Lastly, you should never falsely claim that your product can help treat certain conditions which require medical supervision. Advertisers in the healthy and beauty sector may sometimes make these claims, but there are a number of very specific conditions in CAP’s Advertising Guidance that should not be approached lightly.

Some of the listed conditions include mental health issues too. Here are some examples:

  • Addictions
  • Alcoholism
  • Anaemia
  • Anorexia
  • Eating Disorders
  • Erection Problems
  • Obesity
  • Paralysis
  • Schizophrenia
  • Suicidal Thoughts

And many more. You are advised to take a look at the full list by the ASA and CAP to ensure your campaign doesn’t treat these conditions superficially. In most cases, proper medical supervision should be sought to ensure no harm comes to the direct consumer.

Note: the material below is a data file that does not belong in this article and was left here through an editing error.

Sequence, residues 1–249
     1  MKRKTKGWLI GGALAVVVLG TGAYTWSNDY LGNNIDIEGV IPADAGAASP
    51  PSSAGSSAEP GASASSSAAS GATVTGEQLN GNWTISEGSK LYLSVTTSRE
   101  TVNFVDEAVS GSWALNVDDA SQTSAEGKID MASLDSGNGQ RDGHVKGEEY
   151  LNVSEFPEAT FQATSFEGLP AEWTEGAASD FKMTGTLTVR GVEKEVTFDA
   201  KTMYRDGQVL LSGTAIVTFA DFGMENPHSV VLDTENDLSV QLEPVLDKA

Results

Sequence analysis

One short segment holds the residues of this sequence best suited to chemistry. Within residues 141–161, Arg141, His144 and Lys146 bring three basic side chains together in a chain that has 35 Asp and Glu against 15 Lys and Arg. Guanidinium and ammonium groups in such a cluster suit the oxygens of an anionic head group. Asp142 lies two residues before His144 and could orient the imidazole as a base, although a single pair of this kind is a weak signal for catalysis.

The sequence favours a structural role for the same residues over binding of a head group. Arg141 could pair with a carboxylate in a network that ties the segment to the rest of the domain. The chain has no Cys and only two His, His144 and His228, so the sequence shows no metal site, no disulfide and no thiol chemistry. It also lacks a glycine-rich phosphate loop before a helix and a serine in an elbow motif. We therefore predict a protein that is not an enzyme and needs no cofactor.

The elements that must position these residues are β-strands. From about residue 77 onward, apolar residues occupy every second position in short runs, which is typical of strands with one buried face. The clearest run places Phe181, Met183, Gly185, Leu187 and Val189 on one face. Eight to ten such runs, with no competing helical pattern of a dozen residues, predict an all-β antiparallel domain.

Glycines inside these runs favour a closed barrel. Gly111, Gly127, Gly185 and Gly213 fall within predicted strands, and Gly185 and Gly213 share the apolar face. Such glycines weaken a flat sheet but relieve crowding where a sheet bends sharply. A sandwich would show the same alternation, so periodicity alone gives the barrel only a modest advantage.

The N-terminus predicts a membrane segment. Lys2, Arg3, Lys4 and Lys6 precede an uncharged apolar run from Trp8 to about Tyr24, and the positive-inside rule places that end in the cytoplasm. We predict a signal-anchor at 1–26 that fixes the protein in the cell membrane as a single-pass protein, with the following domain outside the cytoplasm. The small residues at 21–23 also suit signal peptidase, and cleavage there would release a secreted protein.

There is some leeway in the case of other conditions (which are listed in the same CAP document), but when questioned by the ASA, marketers and advertisers should have robust evidence to prove their claims and prove the effectiveness of their product.

Getting it right starts from within

It is certainly useful to have practical guidance for marketers who want to approach mental health, but in truth, talking about mental health doesn’t stop at sheer compliance. There is a certain amount of sensitivity required, some tact, and a genuine intent to drive positive change in the world.